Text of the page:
By Maggie Turkovich, Contributing Reporter
One of the most controversial rape cases to arise in recent years came to the forefront of American news media in 2016 . In this case, a Stanford University student named Brock Turner had been charged with the attempted rape and sexual assault of an unconscious woman. Turner was given a laughable sentence of six months in prison, compared to the 14 years he could have received.
One of the many reasons Judge Aaron Persky gave for his decision was the fact that “a prison sentence would have a severe impact on [Turner].”
Essentially, he felt a longer prison sentence would ruin Turner’s life and because he was young, had no prior incidents, and had good character witnesses, parole would be sufficient in rehabilitating this “remorseful” young man. Persky did not seem to see how Turner’s life, and his victim’s life, had already been ruined to varying degrees; the victim’s pain and suffering were worth more than six months of jail time.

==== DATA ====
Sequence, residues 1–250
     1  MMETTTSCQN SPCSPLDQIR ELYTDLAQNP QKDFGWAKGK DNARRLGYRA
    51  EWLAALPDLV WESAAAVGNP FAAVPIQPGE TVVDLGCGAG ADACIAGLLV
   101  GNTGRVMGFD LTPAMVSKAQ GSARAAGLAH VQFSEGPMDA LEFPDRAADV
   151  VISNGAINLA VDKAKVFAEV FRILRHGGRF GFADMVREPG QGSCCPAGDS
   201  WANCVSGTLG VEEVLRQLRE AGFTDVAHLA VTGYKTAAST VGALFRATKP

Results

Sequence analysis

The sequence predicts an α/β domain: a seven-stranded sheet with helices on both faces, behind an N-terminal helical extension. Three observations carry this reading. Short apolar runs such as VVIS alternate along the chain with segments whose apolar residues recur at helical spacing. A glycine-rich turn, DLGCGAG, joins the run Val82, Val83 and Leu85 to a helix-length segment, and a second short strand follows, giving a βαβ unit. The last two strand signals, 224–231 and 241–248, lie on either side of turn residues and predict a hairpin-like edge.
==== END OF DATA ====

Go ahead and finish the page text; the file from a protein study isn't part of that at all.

The anger has grown after Turner’s early release on Friday, September 2, after only three months. Upon his release, protesters began carrying out “street justice.” These vigilantes stood outside of his home, armed with weapons or signs with slogans such as “Castrate rapists” and “If I rape Brock will I only do three months?”
Others have literally taken to the streets to voice their outrage by writing similar slogans around Turner’s neighborhood with sidewalk chalk. On the night of his release, some of these protesters mobbed him at the jail’s entrance, beating him up. Many people believe these actions are justifiable, seeing as the ruling is almost unanimously agreed upon by the general public as unjust. There is absolutely no denying that what he did was despicable, and it is necessary for people to speak out about the injustice that occurred, but there are legal and less hypocritical ways of doing it.
By physically harming him, these protesters are no better than Turner himself. He took away someone’s safety, which is what has happened to him. These actions could also result in criminal charges if Turner decides to take action.
What the nation needs to do is continue this dialog on the stigma of rape victims and how unfairly these cases are carried out; oftentimes the rapist is not viewed as a criminal and receives a slap on the wrist. Society should not stoop to his level, but rather rise above it to do more in the ways of fighting for a more just legal system.